The theme of this year’s Singapore Biennale is ‘Every Step in the Right Direction’, an upbeat, failure-proof message on which to end 2019. Featuring 77 artists and collectives from Southeast Asia and beyond, the event is in its seventh edition and curated by a team led by Patrick Flores, who says that the exhibition is ‘an invitation to take part in the process of thinking about what is right and making the step to do something about it’. ArtReview Asia believes in doing what’s right, and also what’s smart. With the Biennale being spread out across 11 venues, you’re already probably wearing out your soles finishing it, let alone even begin thinking about the satellite events. So here’s a quick and dirty guide to what shows to see in Singapore in November, outside of the major institutional shows. Let’s take a walk off the beaten track, starting with…
Piyatat Hemmatat, Eden No. 11, 2015–18. Courtesy the artist
Gap: A Distinct To Reality at Deck
15 November – 22 January, 2020
Defamiliarising the familiar is the point of this show featuring four photographers who hold a mirror up to contemporary Thai society. Industrial waste, pollution and drugs get transformed into mysterious abstract images. Miti Ruangkritya takes coloured ashes from a waste disposal centre and spreads them on paper, the vibrant hues suggestive of ever-increasing toxicities; while the enigmatic grey fogs in Nat Bowornphatnon’s images are actual pictures of his hometown Chiangmai, which was hit by a severe haze earlier this year from forest fires. Meanwhile, as Thailand is in the grip of a national debate on whether to legalise marijuana for medical use, Piyatat Hemmatat examines the issue in close detail – literally, as he captures jewel-toned images of weed seen under a microscope.
Superflux, Mitigation of Shock, 2017–19. Courtesy the artist
2219: Futures Imagined at ArtScience Museum
23 November – 5 April
This year, Singapore commemorates the bicentennial anniversary of its founding as a British colony with a glut of historical exhibitions. This new show at the ArtScience Museum looks forward instead, asking artists, architects, designers and filmmakers to imagine a Singapore 200 years later. A fun, sci-fi-inflected show, it includes Finbarr Fallon’s fictional video advertisement of an underground city when the surface has become inhabitable (Subterranean Singapore 2065, 2016), as well as a Singapore flat by Superflux set in the 2070s, when food is scarce and homes become farm-factories (Mitigation of Shock, 2017–19).
Bea Camacho, Sartre, Jean-Paul, “The Imaginary” (New York Routledge, 2010), pp128–129, 2010)
Discrete Encoding at Fost Gallery
23 November – 29 December
The ‘encoding’ in the exhibition title refers to original systems of meanings created by artists in their works. Curated by Khim Ong, the former deputy director of curatorial programmes at the NTU Centre of Contemporary Art Singapore, the show interrogates how art can deconstruct existing representational frameworks to create new symbols and codes. Works on show include: Savanhdary Vongpoothorn’s ink-on-paper works boiling down the Phra Lak Phra Lam (a Lao telling of the Indian epic the Ramayana) into repetitive, geometrically motifs (Rama Was A Migrant (I) and (II), 2015), as well as Bea Camacho’s reworking of Jean-Paul Sartre’s 1940 The Imaginary, where all the characters in the original text were counted and re-presented in alphabetical order.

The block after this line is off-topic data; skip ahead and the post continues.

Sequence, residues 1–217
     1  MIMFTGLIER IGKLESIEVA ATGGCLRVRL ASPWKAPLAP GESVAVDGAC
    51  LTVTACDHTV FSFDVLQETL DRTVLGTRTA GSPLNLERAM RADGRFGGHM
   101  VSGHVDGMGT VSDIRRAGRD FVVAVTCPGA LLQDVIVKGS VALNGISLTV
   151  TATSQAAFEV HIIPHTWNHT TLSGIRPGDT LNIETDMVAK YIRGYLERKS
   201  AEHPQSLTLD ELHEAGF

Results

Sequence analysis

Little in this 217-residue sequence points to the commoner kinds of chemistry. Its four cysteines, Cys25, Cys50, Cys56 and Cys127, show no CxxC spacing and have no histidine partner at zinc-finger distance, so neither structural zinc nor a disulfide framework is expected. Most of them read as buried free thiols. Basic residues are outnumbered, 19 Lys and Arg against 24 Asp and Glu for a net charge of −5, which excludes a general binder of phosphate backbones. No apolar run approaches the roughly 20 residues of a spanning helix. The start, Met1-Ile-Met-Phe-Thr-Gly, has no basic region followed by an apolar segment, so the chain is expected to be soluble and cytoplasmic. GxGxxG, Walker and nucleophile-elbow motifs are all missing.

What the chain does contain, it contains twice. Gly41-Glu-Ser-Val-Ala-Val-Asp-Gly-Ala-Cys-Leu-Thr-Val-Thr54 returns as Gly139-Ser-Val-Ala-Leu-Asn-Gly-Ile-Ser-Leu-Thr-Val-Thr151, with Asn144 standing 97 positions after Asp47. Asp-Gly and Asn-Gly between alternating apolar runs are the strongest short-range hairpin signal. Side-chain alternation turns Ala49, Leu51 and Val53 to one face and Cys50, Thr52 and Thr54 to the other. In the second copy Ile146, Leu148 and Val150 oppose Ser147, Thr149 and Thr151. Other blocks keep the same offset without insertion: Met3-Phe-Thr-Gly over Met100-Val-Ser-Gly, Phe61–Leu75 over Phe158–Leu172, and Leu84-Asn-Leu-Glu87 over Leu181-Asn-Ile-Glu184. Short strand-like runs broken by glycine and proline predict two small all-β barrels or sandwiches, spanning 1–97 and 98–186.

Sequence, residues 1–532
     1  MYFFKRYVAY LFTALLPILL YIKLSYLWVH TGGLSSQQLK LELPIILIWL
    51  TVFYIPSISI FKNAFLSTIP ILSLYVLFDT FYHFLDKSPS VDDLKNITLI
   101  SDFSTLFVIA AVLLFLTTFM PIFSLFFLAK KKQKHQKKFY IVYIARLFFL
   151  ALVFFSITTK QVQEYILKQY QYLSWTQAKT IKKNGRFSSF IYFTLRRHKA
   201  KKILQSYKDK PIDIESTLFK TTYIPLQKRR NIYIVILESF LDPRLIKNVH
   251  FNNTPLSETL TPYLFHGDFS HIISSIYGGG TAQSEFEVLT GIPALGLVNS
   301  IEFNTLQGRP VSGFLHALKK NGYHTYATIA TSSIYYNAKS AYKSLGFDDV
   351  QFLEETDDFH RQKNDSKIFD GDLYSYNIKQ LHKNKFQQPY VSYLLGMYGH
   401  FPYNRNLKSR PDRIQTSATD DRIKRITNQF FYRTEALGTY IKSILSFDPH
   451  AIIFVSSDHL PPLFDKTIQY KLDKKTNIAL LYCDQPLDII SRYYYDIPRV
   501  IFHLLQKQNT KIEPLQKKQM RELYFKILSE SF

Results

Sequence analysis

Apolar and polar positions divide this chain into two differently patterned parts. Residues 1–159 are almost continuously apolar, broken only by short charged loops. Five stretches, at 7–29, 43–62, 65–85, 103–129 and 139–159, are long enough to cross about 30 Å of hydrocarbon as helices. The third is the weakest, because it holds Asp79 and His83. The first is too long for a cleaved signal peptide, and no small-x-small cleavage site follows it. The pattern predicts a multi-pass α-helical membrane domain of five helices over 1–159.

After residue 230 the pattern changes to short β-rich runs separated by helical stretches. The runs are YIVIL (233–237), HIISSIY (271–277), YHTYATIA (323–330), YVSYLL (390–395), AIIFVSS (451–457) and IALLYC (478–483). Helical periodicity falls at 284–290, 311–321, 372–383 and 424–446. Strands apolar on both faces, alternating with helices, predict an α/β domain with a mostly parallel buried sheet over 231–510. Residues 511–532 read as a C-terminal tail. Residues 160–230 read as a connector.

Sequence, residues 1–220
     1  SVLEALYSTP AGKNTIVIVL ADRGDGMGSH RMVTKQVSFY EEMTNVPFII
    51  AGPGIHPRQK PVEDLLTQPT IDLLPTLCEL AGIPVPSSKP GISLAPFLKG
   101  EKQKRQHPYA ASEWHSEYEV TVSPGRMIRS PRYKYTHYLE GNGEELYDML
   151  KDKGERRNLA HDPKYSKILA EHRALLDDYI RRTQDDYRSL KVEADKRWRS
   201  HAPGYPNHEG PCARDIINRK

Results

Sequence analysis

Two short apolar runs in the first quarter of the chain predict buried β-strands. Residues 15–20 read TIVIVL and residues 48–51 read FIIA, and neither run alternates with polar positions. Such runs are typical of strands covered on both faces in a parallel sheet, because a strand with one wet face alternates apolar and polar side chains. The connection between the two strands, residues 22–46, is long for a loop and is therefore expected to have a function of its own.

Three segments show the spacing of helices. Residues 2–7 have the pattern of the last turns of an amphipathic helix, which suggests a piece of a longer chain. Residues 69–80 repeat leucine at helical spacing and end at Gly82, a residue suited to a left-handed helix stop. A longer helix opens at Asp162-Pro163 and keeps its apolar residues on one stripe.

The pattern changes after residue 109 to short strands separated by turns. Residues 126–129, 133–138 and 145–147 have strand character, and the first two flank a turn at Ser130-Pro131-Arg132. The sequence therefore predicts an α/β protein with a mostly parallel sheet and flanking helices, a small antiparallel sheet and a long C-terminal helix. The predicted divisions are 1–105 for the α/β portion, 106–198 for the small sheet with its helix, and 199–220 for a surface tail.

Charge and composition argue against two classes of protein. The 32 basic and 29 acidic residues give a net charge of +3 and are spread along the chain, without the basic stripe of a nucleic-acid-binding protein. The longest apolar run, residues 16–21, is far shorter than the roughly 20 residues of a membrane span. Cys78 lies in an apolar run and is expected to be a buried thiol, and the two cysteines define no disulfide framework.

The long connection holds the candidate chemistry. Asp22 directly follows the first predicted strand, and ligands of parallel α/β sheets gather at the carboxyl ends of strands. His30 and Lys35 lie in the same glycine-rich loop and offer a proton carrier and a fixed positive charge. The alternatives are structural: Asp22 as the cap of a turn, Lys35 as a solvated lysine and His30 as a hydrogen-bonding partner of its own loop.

Ren Yi, Eight Immortals (detail), 1880, four ink and colour on paper, 150 x 82 cm (each). Courtesy Asian Civilisations Museum, Singapore
Living With Ink: The Collection of Tan Tsze Chor at Asian Civilisations Museum
8 November – 22 March
Think of this as a palette cleanser from all the contemporary art. On show here is the private collection of Chinese ink works donated by the late Dr Tan Tsze Chor, aka ‘Pepper King’, a Singaporean businessman, calligrapher and arts patron (1911–83). There are 130 exhibits, including those by nineteenth and twentieth century masters such as Xu Beihong, Qi Baishi and Ren Yi. Ren Yi’s Eight Immortals (1880), four paintings depicting the mythological deities as everyday characters, is one of the highlights. But this isn’t just an old-school classical ink painting show – there’s also a personal and art-historical dimension: you get a glimpse into the close-knit émigré-Chinese literati scene in Singapore’s early art history. Dr Tan used to host dinner parties at his home, which were attended by other collectors and pioneer painters such as Chen Wen-Hsi and Liu Kang. The artists supposedly encountered great Chinese ink works there, which subsequently informed their own practices while they developed a style more specific to the local context, known as the Nanyang School.
Megan Evans, Raffles Pin Cushion, 2019, embroidery beads, pins, cushion. Courtesy the artist
Rules of Engagement at The Substation
In the basement of The Substation is a dive bar called, appropriately, SADBAR, serving (when I last went) an appropriately sad-ish menu of beer, red and white wine. During the Biennale opening weekend, however, it will host what promises to be a rather fun event called Rules of Engagement, parodying artworld protocols and Singapore’s love of regulations. To enter, you need to buy a $5 coupon for a drink, which also doubles up as a voting slip to select your favourite artwork exhibited there. Participating artists include Jimmy Ong, Jason Wee, Grace Tan and Alecia Neo, and the works are themed around the idea of a public square. There is a list of rules the artists must adhere to, and a separate list for audience members. (One of them is ‘no name-dropping of any kind… inclu[ding] places, exhibitions and biennales etc’. I like.) There are other rules, too, like the creator of the most popular artwork every night collecting all the proceeds, and undercover officers ‘fining’ you for offenses, and you need to buy more $5 coupons, etc. TLDR: Buy cheap drinks, support local artists. Cheers!